One thing good about having surgery is certainly the prescription pain killers. Those things really work. Thank goodness.
So I had surgery on my neck, as planned, on Jan. 18th. I had to report to pre-op at 10am, where I went through all the various steps to prepare for actually going into the surgery. I had to shower and rub the back of my neck with this pink soap for five minutes. Sounds easy, but have you ever rubbed one spot on your body with a cheap washcloth and soap over and over and over for 5 minutes straight? Ugh. Dressed in the lovely hospital gown the nurse left for me, and having raided the closet I saw her get it from for a 2nd one, which I wore like a robe, I shuffled myself back down the hallway to the pre-op waiting room. The 2 nurses there were real nice. Having determined they would be unable to get in a good IV, they wrapped both of my arms in very warm blankets. Blood was drawn at some point, and I talked to an anesthesiologist. Then I was kissed goodbye to from Kev and wheeled down the hall. My bed was parked in one of the curtained slots, and again, the nurses and technicians and whoever else I saw there were all very nice. An IV was hooked up with one successful poke. I don't really remember too much after that.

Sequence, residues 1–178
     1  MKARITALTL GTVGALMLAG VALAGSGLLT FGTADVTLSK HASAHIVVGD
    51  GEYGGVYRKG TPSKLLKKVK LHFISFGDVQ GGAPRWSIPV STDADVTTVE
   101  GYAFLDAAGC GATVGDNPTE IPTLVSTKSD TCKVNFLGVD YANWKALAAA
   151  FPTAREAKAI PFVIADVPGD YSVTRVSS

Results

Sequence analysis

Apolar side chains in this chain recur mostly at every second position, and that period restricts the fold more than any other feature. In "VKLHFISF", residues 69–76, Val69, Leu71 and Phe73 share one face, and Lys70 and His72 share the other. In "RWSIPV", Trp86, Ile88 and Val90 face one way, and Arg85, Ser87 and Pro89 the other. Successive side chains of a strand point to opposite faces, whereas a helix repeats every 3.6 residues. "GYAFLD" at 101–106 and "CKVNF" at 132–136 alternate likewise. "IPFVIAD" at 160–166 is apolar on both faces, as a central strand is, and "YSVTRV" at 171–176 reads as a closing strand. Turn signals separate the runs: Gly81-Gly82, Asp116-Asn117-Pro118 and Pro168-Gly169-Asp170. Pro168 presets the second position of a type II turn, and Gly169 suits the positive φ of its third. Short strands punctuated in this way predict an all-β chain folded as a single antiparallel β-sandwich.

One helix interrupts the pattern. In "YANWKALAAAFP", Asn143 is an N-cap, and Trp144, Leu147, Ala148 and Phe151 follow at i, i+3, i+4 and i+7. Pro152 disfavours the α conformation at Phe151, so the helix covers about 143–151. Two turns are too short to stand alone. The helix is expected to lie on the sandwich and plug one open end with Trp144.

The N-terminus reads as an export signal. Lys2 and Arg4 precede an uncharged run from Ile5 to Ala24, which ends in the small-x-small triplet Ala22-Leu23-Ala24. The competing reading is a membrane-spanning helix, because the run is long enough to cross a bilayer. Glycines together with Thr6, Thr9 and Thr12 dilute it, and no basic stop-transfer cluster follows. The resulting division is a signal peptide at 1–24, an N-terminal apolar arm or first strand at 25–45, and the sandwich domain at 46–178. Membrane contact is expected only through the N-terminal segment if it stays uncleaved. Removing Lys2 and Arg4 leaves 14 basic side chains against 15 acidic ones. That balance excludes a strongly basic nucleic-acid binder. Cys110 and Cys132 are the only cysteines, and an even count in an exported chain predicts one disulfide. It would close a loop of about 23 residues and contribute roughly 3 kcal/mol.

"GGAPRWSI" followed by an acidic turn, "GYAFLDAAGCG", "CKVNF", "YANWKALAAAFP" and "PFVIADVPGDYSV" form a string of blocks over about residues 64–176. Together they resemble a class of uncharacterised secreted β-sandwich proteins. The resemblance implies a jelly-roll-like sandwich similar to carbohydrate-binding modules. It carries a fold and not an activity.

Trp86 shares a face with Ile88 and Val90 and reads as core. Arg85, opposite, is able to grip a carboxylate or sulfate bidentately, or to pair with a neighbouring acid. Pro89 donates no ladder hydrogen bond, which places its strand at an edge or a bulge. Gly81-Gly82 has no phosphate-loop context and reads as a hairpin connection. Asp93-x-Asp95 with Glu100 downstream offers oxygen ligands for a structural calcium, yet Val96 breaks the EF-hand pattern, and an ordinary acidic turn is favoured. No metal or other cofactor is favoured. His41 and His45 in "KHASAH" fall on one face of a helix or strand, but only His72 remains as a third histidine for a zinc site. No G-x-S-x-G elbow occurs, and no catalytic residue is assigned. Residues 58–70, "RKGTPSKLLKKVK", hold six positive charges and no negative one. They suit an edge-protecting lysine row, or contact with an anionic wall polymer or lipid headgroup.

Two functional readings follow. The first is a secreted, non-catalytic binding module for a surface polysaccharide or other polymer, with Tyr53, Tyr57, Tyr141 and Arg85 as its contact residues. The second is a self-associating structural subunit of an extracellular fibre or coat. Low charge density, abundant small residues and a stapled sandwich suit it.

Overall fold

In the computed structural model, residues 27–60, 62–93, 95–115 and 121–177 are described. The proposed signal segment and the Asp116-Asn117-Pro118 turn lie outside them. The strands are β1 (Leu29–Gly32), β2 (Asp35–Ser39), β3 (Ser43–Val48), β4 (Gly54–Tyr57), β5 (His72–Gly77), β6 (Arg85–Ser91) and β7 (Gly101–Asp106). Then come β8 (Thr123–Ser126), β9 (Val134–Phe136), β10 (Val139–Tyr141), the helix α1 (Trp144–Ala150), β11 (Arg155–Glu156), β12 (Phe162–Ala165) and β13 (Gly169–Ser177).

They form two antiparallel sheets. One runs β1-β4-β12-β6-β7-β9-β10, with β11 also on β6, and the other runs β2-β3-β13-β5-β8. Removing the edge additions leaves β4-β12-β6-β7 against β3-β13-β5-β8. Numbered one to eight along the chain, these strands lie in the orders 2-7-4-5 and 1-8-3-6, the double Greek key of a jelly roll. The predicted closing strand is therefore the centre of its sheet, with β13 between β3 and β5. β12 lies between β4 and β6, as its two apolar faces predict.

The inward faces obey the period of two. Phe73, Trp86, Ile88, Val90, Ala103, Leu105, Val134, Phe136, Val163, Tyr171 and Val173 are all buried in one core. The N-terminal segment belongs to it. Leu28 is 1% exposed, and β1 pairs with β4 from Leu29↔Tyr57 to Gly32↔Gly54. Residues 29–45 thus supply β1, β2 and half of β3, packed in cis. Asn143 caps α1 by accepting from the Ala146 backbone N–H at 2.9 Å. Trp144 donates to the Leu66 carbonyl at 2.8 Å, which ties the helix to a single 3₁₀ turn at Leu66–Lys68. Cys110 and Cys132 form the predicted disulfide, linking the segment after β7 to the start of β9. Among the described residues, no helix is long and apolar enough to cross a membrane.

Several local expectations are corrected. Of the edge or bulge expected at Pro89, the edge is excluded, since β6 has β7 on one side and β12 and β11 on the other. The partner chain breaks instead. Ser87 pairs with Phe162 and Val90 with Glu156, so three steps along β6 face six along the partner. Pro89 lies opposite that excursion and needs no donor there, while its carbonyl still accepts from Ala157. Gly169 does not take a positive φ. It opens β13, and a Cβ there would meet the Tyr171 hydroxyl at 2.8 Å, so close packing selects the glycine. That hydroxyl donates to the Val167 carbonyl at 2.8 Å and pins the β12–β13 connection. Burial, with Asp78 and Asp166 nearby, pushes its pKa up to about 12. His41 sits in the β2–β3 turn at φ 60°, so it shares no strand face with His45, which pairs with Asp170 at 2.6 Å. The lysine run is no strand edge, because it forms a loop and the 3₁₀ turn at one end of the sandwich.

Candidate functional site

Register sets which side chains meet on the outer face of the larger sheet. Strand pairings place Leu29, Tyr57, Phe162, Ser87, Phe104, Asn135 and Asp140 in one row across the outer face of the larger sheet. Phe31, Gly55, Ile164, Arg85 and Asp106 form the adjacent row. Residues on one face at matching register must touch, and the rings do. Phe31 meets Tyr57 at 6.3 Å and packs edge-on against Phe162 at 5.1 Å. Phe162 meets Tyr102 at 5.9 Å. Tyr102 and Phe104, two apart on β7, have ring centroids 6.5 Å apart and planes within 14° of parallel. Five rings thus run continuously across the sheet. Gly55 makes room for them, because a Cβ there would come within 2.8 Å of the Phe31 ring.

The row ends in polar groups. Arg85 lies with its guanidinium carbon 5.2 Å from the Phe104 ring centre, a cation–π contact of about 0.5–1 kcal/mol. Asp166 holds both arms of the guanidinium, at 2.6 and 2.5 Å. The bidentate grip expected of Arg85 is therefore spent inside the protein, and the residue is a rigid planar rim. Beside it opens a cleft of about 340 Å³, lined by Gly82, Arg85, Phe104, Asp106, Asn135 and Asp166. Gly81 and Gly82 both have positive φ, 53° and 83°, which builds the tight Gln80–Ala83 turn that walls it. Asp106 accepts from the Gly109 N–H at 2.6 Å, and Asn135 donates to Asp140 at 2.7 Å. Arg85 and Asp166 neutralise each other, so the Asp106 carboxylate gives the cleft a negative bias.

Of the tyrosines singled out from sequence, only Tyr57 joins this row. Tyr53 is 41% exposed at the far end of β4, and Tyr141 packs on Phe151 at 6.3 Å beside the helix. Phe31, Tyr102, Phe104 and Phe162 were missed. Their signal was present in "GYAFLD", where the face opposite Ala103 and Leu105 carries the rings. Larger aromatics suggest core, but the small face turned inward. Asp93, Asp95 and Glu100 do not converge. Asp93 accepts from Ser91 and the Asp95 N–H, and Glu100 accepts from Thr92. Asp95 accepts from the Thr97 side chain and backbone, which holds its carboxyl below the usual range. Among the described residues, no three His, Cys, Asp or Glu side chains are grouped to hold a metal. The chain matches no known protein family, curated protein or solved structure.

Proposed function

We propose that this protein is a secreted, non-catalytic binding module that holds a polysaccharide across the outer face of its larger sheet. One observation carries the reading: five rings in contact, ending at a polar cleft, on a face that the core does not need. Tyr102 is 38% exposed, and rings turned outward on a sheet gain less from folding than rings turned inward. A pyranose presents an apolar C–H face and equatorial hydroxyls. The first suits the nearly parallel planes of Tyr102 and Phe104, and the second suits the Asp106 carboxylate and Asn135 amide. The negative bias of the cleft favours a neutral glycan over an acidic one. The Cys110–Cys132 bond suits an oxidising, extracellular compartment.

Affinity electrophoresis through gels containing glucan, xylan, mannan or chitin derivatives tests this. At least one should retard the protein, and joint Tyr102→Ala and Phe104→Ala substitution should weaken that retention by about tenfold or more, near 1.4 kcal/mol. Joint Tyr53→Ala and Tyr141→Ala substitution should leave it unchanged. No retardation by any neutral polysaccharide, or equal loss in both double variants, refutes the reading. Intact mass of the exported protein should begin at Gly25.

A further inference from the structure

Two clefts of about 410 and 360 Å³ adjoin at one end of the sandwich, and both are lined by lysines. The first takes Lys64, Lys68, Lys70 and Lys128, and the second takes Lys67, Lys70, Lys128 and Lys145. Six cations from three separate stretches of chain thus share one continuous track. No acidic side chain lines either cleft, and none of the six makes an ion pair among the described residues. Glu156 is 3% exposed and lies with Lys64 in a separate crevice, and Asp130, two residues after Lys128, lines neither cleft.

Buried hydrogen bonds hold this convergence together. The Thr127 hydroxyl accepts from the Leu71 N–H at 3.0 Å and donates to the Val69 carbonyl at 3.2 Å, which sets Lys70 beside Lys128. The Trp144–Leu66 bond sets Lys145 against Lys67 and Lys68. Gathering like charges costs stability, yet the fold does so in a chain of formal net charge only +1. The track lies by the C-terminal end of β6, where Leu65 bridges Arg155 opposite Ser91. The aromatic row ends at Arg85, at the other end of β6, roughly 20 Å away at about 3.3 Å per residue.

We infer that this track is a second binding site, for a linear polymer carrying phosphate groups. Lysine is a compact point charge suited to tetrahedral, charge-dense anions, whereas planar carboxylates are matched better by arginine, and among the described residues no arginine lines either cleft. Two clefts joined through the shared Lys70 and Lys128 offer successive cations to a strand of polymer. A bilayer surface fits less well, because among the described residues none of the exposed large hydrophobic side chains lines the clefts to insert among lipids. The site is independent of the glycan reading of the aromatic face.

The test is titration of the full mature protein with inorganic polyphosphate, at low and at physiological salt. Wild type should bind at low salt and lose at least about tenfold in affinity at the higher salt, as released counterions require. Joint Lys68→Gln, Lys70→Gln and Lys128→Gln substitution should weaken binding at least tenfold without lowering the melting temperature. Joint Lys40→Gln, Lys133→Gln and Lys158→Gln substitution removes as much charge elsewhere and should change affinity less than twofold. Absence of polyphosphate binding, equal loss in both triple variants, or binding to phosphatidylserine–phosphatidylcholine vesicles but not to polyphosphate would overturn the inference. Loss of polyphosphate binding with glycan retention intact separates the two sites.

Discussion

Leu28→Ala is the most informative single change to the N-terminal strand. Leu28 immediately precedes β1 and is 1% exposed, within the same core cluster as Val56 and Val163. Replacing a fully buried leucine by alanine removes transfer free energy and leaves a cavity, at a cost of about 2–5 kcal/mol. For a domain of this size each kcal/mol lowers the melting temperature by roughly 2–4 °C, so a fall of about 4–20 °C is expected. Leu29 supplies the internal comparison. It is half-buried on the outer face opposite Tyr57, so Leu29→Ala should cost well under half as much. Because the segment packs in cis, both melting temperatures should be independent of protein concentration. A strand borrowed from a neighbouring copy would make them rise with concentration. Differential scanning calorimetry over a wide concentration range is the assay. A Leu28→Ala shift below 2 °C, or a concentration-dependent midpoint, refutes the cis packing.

Kev was given a 4-digit pin number for me, and while he waited in the large waiting room, updates on surgery patients, listed only by the pin numbers, rolled through a large screen hanging at the top of one wall.
The surgery was supposed to have taken only about an hour, but it took more than double that. The surgeon explained to us later that there were eventually 3 anesthesiologists working on me, and they had trouble getting me to sleep. Once he started the surgery, it became clear that the extra bone growth on my C6 vertebrae also included part of my vertebrae that was mostly broken off and hanging there, and it was more into my spinal cord than had been previously thought. The surgeon had to fix that and then fuse not just my C5 and C6 together, as originally planned, but also had to fuse my C7 because of the poor condition of my C6. Pins are in there, too.
I don't remember much about coming out of the anesthetic, or how I was transported to my official hospital room. But by late Friday afternoon, or was it early evening?, I was well ensconced in a comfortable hospital bed with 4 pillows and 2 wonderful nurses. The nursing staff team up, an RN and a LPN work together. I'm having trouble remember some names now, but the first RN was Joyce. So very nice. Over the weekend, I had Janelle and Amy, both also wonderful. Janelle was the RN, and as such, she was in charge. She is young and pretty, with perfectly applied makeup, and one of the most caring people ever. Some of the nursing staff you can tell are born caregivers. Also on the list of wonderful nurses there are Char, Denice and Debra.